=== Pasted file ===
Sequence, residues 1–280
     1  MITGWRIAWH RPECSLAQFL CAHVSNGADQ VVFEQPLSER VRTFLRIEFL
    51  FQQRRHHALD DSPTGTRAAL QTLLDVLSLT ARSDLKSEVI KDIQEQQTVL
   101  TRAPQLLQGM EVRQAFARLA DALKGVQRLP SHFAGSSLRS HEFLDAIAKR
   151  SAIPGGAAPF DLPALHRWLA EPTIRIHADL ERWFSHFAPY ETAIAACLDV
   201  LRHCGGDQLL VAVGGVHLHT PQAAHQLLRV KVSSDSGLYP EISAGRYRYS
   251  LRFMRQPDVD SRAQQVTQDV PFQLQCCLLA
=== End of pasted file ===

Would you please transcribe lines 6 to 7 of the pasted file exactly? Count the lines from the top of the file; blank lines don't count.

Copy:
   201  LRHCGGDQLL VAVGGVHLHT PQAAHQLLRV KVSSDSGLYP EISAGRYRYS
   251  LRFMRQPDVD SRAQQVTQDV PFQLQCCLLA